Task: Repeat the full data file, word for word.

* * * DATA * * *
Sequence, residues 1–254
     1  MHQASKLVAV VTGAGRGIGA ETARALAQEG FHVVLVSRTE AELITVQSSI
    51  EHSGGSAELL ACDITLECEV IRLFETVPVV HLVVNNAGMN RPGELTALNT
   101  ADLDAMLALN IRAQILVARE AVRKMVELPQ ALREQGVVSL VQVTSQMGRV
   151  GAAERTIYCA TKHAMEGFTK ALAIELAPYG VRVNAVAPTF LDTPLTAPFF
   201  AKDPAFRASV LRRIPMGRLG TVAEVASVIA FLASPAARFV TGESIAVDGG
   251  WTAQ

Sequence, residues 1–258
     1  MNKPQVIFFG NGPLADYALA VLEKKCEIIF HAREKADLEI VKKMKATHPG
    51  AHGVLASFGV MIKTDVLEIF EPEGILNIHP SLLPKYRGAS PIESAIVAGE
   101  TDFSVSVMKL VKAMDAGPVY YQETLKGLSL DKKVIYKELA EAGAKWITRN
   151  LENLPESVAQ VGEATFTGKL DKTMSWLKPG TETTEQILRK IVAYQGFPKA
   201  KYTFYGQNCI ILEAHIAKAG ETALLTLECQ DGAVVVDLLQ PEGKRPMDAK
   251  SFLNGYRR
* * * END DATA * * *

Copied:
Sequence, residues 1–254
     1  MHQASKLVAV VTGAGRGIGA ETARALAQEG FHVVLVSRTE AELITVQSSI
    51  EHSGGSAELL ACDITLECEV IRLFETVPVV HLVVNNAGMN RPGELTALNT
   101  ADLDAMLALN IRAQILVARE AVRKMVELPQ ALREQGVVSL VQVTSQMGRV
   151  GAAERTIYCA TKHAMEGFTK ALAIELAPYG VRVNAVAPTF LDTPLTAPFF
   201  AKDPAFRASV LRRIPMGRLG TVAEVASVIA FLASPAARFV TGESIAVDGG
   251  WTAQ

Sequence, residues 1–258
     1  MNKPQVIFFG NGPLADYALA VLEKKCEIIF HAREKADLEI VKKMKATHPG
    51  AHGVLASFGV MIKTDVLEIF EPEGILNIHP SLLPKYRGAS PIESAIVAGE
   101  TDFSVSVMKL VKAMDAGPVY YQETLKGLSL DKKVIYKELA EAGAKWITRN
   151  LENLPESVAQ VGEATFTGKL DKTMSWLKPG TETTEQILRK IVAYQGFPKA
   201  KYTFYGQNCI ILEAHIAKAG ETALLTLECQ DGAVVVDLLQ PEGKRPMDAK
   251  SFLNGYRR